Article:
Afghan president heads to Washington

Nearly canceled amid some public squabbling, the visit is considered crucial to mending ties. The Obama administration appears keen on forging more pragmatic government-to-government links.

Rarely does a state visit so closely resemble a very public session of marriage counseling.

Afghan President Hamid Karzai’s four-day trip to Washington, which starts Monday, offers a much-needed chance to mend his strained relationship with the Obama administration at a pivotal moment in his country’s wrenching conflict.

With so much at stake in preserving the partnership, the two leaders probably will strive to present a united front in the face of a determined Taliban insurgency and growing restiveness among America’s European allies in the nearly 9-year-old war.


“A lot of eyes are on this trip, especially after all the recent problems,” said Fawzia Kofi, an Afghan lawmaker, referring to a string of anti-Western statements by Karzai last month.

Karzai’s remarks in early April included the startling, some called it rhetorical, assertion that foreign meddling might just drive him to join the Taliban. That prompted the White House to hint that the visit might be canceled.

Both sides stepped back from that particular brink, playing down the squabble’s significance. But this visit appears to mark a definitive break with the folksy, highly personal nature of Karzai’s dealings with President Obama’s predecessor, President Bush.

The new emphasis, several officials familiar with the planning of the visit say, lies in forging more pragmatic government-to-government links. That shift was underscored by the fact that nearly all of Karzai’s key ministers, at U.S. urging, are accompanying him to Washington.

“America wants to draw some lines for Karzai,” said Najiba Ayubi, managing director of the Killid Group, an Afghan media organization. “He’ll be told, ‘Here are your responsibilities, and here are ours.’ ”

Karzai is likely to be pressed hard in private for a commitment to rein in corruption in his government and for assurances that parliamentary elections scheduled for September will be reasonably fair, a very real concern in light of the massive fraud that marred last August’s presidential vote.

Although Karzai can point to little tangible progress on the corruption front six months into his second term, the somewhat hectoring tone taken by top White House aides in March as Obama arrived for a brief visit to Kabul is likely to be muted in Washington in anything other than a closed-door setting.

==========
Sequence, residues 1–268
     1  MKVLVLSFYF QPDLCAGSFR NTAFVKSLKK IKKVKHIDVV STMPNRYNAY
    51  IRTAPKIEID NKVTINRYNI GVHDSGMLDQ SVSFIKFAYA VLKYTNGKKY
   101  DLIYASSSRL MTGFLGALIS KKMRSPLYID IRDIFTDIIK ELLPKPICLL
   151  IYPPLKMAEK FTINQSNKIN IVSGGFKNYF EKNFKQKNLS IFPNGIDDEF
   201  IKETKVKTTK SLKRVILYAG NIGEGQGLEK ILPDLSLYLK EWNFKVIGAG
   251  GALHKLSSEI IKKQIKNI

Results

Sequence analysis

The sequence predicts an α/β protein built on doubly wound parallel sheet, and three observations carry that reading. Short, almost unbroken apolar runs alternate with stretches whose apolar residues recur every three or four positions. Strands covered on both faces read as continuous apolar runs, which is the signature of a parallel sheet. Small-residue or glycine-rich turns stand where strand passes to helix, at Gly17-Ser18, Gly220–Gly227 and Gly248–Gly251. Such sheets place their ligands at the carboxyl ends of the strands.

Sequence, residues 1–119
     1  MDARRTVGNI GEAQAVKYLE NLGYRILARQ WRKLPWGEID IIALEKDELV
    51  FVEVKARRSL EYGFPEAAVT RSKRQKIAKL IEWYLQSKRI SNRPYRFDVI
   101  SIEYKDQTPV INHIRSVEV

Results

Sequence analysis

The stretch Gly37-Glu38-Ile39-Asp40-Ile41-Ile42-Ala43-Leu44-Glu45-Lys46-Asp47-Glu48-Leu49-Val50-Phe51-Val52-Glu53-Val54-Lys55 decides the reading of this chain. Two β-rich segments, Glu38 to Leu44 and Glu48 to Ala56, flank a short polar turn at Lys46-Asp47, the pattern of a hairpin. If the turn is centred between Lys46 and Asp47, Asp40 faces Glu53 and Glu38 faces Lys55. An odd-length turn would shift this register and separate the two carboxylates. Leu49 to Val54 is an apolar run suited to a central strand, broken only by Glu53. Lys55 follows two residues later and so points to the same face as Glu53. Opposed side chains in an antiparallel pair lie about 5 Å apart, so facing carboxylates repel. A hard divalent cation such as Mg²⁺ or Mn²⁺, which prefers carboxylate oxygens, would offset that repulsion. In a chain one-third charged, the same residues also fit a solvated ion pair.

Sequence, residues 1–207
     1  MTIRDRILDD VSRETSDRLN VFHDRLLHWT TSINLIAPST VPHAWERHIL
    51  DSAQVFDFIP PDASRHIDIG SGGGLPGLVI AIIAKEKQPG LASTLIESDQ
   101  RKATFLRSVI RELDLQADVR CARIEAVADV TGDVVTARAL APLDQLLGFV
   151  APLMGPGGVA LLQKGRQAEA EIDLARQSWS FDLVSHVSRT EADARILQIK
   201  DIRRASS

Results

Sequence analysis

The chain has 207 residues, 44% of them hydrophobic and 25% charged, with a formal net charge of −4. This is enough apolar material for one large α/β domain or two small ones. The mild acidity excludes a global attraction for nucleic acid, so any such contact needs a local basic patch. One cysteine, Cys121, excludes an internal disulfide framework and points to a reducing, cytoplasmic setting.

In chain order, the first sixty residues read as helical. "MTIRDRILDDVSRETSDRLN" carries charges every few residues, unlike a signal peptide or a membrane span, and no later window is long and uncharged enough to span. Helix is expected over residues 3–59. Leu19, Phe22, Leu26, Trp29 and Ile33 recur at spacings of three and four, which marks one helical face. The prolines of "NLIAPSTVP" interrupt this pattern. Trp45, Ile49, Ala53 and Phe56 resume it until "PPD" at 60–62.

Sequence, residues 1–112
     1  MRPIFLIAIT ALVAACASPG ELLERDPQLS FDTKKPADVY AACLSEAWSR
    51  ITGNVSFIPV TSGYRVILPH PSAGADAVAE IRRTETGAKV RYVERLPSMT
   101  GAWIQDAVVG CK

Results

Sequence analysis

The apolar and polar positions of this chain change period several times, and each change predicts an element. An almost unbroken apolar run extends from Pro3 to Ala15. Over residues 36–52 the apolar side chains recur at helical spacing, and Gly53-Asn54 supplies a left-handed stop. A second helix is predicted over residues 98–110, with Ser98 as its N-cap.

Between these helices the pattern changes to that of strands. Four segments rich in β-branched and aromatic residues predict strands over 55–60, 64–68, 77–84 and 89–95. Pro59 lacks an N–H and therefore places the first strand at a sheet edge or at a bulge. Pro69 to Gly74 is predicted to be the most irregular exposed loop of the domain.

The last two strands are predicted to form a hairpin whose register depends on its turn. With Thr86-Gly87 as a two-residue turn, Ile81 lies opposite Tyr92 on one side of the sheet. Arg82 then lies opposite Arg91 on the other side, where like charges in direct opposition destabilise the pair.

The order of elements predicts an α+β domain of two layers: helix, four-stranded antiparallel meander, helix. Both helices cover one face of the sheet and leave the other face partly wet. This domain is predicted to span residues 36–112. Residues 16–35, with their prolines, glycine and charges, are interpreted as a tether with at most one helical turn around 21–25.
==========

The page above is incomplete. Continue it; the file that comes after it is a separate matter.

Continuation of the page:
Even among Karzai’s critics at home, and they are legion, there is little appetite for seeing him publicly dressed down in such a high-profile setting.

“For Afghans, it’s important not to see your president humiliated,” political scientist Haroon Mir said.

The visit comes as Western forces are preparing to try to oust the Taliban from the province of Kandahar and restore control to the central government, a task complicated by the president’s half-brother, Ahmed Wali Karzai, who heads the provincial council but wields powers far beyond that mandate.

But Western diplomats in Kabul realize that dislodging Karzai’s difficult sibling is practically impossible before the escalating military operations this summer. Instead, they are looking to the Afghan president to take other steps to help the Kandahar campaign succeed.

Thus far, though, Karzai’s public comments have centered on the need to avoid civilian casualties in the fighting. On Thursday, the last working day before his departure for Washington on Sunday, he issued a statement calling for more cooperation between foreign forces and Afghan authorities.

Soon after Karzai’s return to Afghanistan, he is expected to preside over a so-called peace jirga, a traditional tribal-style gathering meant to air views on how, whether and when to embark on negotiations with insurgents.

The gathering was to have been held early this month, but was rescheduled for late May or early June, a move widely interpreted as allowing for the Washington meetings to take place first.

The United States and other Western partners have signed on to the wooing of low-level insurgents with incentives such as jobs, but there is some nervousness that Karzai could depart from the agreed-to script on the subject of engaging ranking Taliban figures.

Karzai has said that anyone wanting to talk peace must break with groups such as Al Qaeda, renounce violence and agree to respect the Afghan Constitution. But he previously has offered to negotiate with figures such as Taliban chief Mullah Mohammed Omar, notorious for his alliance with Osama bin Laden.

Because the United States recognizes that there is little alternative to dealing with Karzai, there is hope that the visit will bolster his sagging standing at home and abroad. But many believe that the Afghan leader has been too badly damaged by long-term disillusionment with his government and anger over blatant vote-rigging last summer.

“He wants to turn a new page, show that he has the support of the U.S. administration, and that he is considered a strategic partner,” said Mir, the political scientist. “But his position is significantly weakened, internally and internationally.”

The visit appeared to generate little excitement among Afghans, with some worrying about a steeper slide into chaos.

“Right now there is no security, and too much corruption,” said Sidiq Bezhan, a 24-year-old businessman. “So if anything else goes wrong in this meeting, it could have a very bad effect on the future of our country.”